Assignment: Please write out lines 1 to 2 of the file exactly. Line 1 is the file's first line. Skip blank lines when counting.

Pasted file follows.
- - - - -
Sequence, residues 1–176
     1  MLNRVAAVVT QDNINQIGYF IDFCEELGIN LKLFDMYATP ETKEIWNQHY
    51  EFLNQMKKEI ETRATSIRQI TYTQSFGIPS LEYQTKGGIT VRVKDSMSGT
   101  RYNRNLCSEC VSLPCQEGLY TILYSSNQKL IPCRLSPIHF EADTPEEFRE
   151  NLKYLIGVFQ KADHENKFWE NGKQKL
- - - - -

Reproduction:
Sequence, residues 1–176
     1  MLNRVAAVVT QDNINQIGYF IDFCEELGIN LKLFDMYATP ETKEIWNQHY